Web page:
What is Credentialing?
Credentialing is a term that usually encompasses two separate processes: credentialing and privileging.
- Credentialing: Primary source verification of a health care practitioner’s education, training, work experience, license, etc.
- Privileging: Granting approval for an individual to perform a specific procedure or specific set of procedures based on competence in the specialty in which privileges are requested.
- Insurance Payor Enrollment: This process generally applies to practitioner who will be employees of CRMC. By completing this process, it ensures the practitioner is enrolled with Medicare, Medicaid and applicable third-party payers so that CRMC can bill and be reimbursed for care, treatment or services provided. Please note that the rules and systems used to complete provider enrollment varies across health plans.
Who is Credentialed?
Practitioners who are independently responsible for patient care at CRMC by virtue of their license and hospital authority must be credentialed (regardless of whether they are CRMC employees or not). Credentialed providers at CRMC include:
- Advanced Practice Providers
Why does CRMC Credential?
CRMC, like other health care organizations, is legally responsible for knowing that individuals providing patient care are qualified and competent to do so. The Joint Commission, The Centers for Medicare and Medicaid Services (CMS), Minnesota Department of Health and Human Services and other oversight organizations require that members of the medical and allied health staff be credentialed and privileged before working in the facility.
No. It is CRMC’s legal obligation to ensure that all practitioners have gone through the credentialing process and have been approved by the Governing Board to work at CRMC. A practitioner working at CRMC before the credentialing process is complete places the hospital and the practitioner at legal risk and can directly impact CRMC’s accreditation status.
What is Primary Source Verification (PSV)?
- PSV is the process of verifying credentials directly with the source. For example, a credentialing office cannot accept a copy of a medical school degree as evidence that the physician graduated from medical school. The school must be contacted directly to verify the physician’s attendance and graduation.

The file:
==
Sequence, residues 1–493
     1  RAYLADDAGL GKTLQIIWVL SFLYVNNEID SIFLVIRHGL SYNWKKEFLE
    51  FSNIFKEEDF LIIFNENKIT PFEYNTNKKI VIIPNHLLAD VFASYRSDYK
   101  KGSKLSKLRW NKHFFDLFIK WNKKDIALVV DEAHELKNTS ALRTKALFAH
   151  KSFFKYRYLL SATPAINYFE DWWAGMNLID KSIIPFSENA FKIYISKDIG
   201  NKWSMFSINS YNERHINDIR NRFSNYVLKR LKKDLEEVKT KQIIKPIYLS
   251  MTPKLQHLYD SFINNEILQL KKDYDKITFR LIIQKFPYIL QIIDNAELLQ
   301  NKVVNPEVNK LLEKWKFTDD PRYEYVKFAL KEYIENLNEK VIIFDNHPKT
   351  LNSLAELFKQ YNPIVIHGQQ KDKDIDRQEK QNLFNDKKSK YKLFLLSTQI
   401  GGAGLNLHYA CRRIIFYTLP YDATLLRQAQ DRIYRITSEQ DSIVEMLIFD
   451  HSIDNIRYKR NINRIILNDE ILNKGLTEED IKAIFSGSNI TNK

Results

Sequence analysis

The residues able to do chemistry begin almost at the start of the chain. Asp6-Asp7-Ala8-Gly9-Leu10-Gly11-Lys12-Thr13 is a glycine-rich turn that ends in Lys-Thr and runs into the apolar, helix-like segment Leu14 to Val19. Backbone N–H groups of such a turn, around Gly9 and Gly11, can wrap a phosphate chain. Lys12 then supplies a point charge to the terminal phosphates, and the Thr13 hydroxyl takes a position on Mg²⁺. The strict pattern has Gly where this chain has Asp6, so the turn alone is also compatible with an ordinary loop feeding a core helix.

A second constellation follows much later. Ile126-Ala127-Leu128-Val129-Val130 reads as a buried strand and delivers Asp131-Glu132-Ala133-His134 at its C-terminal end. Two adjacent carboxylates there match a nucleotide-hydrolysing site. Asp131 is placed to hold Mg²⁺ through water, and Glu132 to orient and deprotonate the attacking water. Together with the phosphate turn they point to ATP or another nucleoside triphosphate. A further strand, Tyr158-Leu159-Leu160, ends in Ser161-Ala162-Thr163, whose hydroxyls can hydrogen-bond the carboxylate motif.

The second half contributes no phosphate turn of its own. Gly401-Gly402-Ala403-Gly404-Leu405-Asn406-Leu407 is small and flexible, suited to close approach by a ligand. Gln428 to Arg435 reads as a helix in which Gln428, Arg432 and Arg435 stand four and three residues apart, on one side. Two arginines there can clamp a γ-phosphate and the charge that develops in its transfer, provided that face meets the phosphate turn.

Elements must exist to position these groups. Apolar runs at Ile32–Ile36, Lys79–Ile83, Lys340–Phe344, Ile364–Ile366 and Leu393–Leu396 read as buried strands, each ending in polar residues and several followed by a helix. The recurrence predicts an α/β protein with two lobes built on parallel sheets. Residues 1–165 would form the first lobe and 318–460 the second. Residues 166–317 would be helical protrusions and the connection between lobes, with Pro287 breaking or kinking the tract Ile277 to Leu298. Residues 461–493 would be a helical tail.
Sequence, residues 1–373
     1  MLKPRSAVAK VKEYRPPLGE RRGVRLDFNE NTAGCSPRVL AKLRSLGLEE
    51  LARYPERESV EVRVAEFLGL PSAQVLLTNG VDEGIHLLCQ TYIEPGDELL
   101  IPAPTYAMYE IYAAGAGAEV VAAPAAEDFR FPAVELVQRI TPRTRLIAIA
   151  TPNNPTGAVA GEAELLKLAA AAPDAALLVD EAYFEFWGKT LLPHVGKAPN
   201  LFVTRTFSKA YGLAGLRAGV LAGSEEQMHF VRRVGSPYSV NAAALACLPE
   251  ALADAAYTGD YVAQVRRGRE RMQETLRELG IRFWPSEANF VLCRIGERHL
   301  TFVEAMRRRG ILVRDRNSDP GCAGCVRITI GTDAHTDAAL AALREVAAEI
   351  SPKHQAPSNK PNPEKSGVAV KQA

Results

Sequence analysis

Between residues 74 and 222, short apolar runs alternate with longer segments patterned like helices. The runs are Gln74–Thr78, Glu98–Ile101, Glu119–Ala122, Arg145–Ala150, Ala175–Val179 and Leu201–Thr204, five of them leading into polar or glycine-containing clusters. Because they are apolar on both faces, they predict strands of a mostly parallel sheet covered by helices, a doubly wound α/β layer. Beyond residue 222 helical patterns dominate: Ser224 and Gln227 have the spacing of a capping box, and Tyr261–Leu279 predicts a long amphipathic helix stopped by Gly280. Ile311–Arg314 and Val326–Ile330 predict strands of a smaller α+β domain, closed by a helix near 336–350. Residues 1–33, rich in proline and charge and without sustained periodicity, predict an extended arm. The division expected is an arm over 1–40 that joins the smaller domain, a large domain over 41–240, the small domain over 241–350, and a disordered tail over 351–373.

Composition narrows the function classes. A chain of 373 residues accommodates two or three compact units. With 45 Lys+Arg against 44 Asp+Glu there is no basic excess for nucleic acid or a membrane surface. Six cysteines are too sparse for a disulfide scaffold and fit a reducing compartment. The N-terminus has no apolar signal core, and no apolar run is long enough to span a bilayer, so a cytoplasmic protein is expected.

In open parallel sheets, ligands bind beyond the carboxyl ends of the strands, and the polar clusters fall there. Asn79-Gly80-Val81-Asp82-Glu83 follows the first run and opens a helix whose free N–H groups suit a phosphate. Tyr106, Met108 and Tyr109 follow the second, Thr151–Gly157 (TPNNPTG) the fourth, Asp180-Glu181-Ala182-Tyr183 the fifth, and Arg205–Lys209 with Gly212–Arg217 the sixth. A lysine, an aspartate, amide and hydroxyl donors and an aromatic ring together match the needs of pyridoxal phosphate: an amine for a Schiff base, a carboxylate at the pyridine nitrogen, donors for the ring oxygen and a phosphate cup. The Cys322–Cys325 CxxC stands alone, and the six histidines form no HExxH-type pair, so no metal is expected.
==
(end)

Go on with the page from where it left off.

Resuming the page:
- PSV is required so that hospitals and credentialing offices do not receive fraudulent documents from applicants or other non-primary sources.
- A credentialing office cannot accept any verification that comes through a third party rather than the primary source.
- PSV is a requirement by accrediting bodies as well as the cornerstone of a good credentialing process.
What is The Joint Commission?
- The Joint Commission is an accrediting organization with a mission to improve the safety and quality of care provided to the public.
- Hospitals voluntarily submit to The Joint Commission accreditation surveys every three years; the survey is a comprehensive evaluation of the overall quality and safety of the organization.
- CRMC Provider Credentialing Services complies with all of The Joint Commission credentialing standards.
Most health care organizations advise submitting an application 90-180 days before a practitioner’s start date. Ninety days is a benchmark because it allows extra time when verification sources do not respond in a timely manner or clarification of discrepancies is required. You will receive an online application portal login from Symplr when it is time to start the process along with a welcome email from the Medical Staff Office.
How long does it take for a practitioner’s application to go through the credentialing process?